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Cameroon: North-West and South-West - Situation Report No. 33 (As of 31 July 2021)

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This report is produced by OCHA Cameroon in collaboration with humanitarian partners. It covers the period from 1 to 31 July 2021. The next report will be issued in September 2021.

HIGHLIGHTS

  • The increase on Gender Based Violence outreach activities led to an upsurge in reported cases compared to the beginning of the second quarter. 87 per cent of survivors in July were women and 36 per cent were children.

  • Unidentified gunmen burned down a school in Bali subdivision in the North-West (NW) region and shot a chief examiner to death in Kumba town in the South-West (SW) region.

  • There was an increase in the number of attacks against health facilities and medical staff.

  • Several attacks targeting humanitarian actors were registered, including temporary abduction, seizing of personal valuables and denial of access to beneficiaries.

  • Humanitarian access further decreased due to the ban of cirulation for all vehicles in two main axis in the North-West region, increased hostilities on two other axis, and risks of collateral damage for humanitarian actors on the main roads and along all the axis in the North-West and South-West regions, following increased use of improvised explosive devices (IEDs).

SITUATION OVERVIEW

The security context remained volatile. Sustained violence and a ban on movements on two of the main roads in the North- West hindered the timely delivery of humanitarian assistance, and aggravated humanitarian needs, as affected people continued to flee their homes, seeking safety in bushes and neighboring communities. According to the Emergency Tracking Tool (ETT) data, at least 2,602 persons were displaced.

The number of reported protection incidents and Gender-Based Violence (GBV) cases remained ostensibly high. Attacks against health facilities and medical staff increased, and attacks against schools continued even though students were on holidays.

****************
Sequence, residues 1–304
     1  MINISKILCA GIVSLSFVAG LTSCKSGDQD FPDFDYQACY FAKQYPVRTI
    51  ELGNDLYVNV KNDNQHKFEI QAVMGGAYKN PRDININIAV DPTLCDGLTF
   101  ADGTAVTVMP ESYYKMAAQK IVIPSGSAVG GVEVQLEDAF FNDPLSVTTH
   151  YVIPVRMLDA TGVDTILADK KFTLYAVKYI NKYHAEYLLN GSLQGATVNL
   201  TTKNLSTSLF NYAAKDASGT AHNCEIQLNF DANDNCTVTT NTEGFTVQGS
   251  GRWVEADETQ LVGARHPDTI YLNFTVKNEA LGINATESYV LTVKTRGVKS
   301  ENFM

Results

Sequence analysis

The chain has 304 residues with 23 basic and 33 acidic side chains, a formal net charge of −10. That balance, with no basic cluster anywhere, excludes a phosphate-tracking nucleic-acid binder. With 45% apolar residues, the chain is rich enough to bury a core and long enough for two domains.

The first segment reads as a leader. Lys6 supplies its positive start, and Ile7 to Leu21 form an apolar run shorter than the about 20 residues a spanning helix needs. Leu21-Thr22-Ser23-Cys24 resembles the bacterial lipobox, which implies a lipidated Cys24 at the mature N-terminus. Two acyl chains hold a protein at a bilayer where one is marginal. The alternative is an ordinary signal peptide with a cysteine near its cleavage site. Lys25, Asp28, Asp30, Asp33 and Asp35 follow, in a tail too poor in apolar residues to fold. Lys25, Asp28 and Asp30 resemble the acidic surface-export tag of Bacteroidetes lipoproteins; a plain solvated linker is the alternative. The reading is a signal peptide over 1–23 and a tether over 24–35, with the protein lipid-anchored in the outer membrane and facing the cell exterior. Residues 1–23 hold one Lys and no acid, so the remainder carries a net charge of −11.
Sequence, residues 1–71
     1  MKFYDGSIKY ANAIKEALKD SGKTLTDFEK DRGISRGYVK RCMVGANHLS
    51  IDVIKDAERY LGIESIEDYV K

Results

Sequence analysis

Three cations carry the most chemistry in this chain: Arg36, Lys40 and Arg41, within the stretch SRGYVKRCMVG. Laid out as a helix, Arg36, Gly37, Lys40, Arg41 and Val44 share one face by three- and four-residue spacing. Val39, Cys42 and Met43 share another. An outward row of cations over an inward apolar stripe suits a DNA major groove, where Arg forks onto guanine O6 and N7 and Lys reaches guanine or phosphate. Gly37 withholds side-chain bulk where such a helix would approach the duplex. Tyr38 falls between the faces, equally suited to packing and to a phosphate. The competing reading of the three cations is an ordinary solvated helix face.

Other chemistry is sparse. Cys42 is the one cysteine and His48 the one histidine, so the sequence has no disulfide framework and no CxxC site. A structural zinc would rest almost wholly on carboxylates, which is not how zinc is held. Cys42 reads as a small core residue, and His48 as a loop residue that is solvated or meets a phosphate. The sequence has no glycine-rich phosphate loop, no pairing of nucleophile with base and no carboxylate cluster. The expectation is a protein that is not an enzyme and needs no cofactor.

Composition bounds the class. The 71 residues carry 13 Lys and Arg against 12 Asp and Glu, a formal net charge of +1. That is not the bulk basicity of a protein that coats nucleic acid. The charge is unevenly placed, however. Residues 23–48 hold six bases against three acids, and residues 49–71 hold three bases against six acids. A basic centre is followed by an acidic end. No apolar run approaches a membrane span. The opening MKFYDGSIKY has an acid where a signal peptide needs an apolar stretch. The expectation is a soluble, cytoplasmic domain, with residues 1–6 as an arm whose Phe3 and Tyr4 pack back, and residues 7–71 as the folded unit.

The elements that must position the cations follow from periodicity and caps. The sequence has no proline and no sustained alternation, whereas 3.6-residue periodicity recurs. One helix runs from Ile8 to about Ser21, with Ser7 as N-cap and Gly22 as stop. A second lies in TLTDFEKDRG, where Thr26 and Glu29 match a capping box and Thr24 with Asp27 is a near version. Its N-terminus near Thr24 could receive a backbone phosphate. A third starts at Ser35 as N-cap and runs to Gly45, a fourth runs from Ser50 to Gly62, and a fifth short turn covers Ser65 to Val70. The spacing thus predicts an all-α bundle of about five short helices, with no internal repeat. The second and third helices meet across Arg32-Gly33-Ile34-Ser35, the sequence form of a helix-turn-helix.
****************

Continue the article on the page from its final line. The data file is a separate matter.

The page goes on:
The continuous use of Improvised Explosive Devices (IEDs) exposed humanitarian actors to high risks and hindered their free movements. At least eight incidents of detonated or dismantled IEDs in the NWSW regions were reported. Although these IEDs attacks mainly targeted State Security Forces, some civilians were affected. A child lost his right hand after picking up an IED in Boyo NW region.

Attacks against humanitarian actors and their assets continued. Unidentified armed men abdcucted at least three humanitarian organisations’ staff for several hours. In one of the incidents, staff’s money and valuables were confiscated. similarly, attacks on traditional authorities continued with the kidnapping and murder of at least one traditional ruler and several kidnapped for ranson payments. Attacks on the traditional rulers is also having a negative impact on humanitarian access, as they often play a vital role in facilitating community acceptance of humanitarian interventions.

The funding level remained at 12.5 per cent as of 31 July 2021, with no signs of a major increase. The humanitarian response in the NWSW regions has not been able to meet the most urgent needs of affected people and many partners are now forced to suspend some of their activities.

UN Office for the Coordination of Humanitarian Affairs: To learn more about OCHA's activities, please visit https://www.unocha.org/.